The UNLV Anthropology department presents "Methods in Assessing the Role of Plants in Human Diet," a colloquium by Ms. Stephanie Schnorr, of the Max Planck Institute for Evolutionary Anthropology.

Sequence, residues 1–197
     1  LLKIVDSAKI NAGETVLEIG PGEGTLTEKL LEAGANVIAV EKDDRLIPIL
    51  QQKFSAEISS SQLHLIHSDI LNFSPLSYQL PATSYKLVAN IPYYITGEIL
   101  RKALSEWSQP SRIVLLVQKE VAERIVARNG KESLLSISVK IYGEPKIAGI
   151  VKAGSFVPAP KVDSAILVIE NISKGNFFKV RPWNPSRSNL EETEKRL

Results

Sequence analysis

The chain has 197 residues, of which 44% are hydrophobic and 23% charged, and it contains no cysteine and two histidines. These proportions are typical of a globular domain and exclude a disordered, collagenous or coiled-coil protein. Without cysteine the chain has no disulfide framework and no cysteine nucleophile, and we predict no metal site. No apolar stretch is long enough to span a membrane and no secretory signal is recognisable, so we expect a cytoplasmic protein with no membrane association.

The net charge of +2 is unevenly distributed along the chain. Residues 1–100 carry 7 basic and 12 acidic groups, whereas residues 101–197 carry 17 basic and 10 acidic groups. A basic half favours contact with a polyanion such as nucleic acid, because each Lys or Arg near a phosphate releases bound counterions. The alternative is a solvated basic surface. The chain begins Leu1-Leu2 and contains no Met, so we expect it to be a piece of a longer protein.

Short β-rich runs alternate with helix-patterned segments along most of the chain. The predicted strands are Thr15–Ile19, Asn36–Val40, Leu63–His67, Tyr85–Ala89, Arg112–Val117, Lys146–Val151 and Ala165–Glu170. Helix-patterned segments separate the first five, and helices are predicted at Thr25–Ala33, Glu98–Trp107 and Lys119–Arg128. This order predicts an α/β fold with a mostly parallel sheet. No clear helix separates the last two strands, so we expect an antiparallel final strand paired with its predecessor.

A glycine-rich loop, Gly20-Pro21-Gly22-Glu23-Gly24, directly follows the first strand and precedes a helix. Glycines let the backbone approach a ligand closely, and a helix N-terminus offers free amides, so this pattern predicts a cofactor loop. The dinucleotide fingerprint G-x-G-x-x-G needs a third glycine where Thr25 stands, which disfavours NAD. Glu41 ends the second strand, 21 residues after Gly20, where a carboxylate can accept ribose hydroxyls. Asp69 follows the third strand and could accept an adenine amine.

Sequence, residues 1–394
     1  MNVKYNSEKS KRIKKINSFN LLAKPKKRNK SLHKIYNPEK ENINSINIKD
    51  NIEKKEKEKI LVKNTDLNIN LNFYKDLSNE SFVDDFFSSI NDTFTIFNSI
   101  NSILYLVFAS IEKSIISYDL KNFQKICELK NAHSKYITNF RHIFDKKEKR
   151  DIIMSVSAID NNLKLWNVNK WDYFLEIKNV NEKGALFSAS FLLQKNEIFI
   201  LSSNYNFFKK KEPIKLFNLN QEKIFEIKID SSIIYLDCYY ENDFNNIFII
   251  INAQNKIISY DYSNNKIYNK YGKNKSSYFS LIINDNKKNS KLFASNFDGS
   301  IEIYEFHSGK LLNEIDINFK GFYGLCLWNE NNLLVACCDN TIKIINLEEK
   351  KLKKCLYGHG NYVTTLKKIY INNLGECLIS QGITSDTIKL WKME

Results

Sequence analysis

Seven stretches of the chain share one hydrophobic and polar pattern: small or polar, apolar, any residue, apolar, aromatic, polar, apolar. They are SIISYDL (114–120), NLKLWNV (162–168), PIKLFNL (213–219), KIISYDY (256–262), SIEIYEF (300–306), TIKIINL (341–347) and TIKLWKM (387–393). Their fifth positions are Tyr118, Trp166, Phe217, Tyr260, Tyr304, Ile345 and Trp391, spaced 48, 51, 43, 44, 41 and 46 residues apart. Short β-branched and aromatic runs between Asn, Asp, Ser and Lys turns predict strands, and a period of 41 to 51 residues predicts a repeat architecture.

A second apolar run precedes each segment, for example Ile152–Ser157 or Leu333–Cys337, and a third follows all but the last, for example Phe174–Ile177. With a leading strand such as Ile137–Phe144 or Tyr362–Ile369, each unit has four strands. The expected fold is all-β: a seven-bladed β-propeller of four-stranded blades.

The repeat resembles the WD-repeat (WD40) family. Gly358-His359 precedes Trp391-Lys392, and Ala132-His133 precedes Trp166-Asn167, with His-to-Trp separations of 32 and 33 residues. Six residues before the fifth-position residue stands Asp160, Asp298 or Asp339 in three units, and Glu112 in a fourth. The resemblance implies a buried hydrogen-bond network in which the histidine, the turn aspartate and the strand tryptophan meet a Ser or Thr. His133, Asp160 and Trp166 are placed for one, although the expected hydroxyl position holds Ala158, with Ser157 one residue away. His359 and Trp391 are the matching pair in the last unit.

Diet is a special and often very personal topic in modern human culture. Food is an integral aspect of our daily lives, and yet there is enormous disparity in the type and amount of attention we devote to it. This may be the result of modern industrialization trivializing efforts to obtain food for the majority of westernized developed countries. However, cultural boundaries can still be demarcated by the foods consumed by a community. Participants of particular groups, religions, ethnicities, and even nations, exude a sense of identity with their cuisine. Food and its acquisition were undoubtedly important for human ancestors as it is one of the most significant selective pressures any organism faces in the environment. Ecological niches are largely predicated on dietary ecology and offer much information for understanding species diversity. But how do we learn anything about human evolution through diet when our diet ecology encompasses the planet? In fact it may be this ultimate omnivore opportunism that characterizes the evolutionary trajectory of humans, but at what level are we biologically adapted to our diets? These and other questions are central to the theme of my Ph.D work in which Schnorr looks at the biological contribution of underground storage organs (or tubers) in the Hadza hunter-gatherer diet using in-vitro digestion techniques. She models digestion from comminution to hind-gut fermentation to assess the availability of nutrients (bioavailability) from tubers, which are a major plant resource for the Hadza living in Sub-Saharan East Africa. Schnorr also tested whether brief roasting, a form of food processing practiced by the Hadza, has any effect on the bioavailability of tuber nutrition. Results suggest that the food ecology poses a dilemma for human foragers in two respects: the first is to find good quality tubers that are high in calories or micronutrients, and the second is to consume these tubers in a way that maximizes their nutritional yield without the forager expending undue energy. The next phase of this work is to model fermentation in the colon using gut microbial populations to examine the contribution of the microbiome to host nutrition.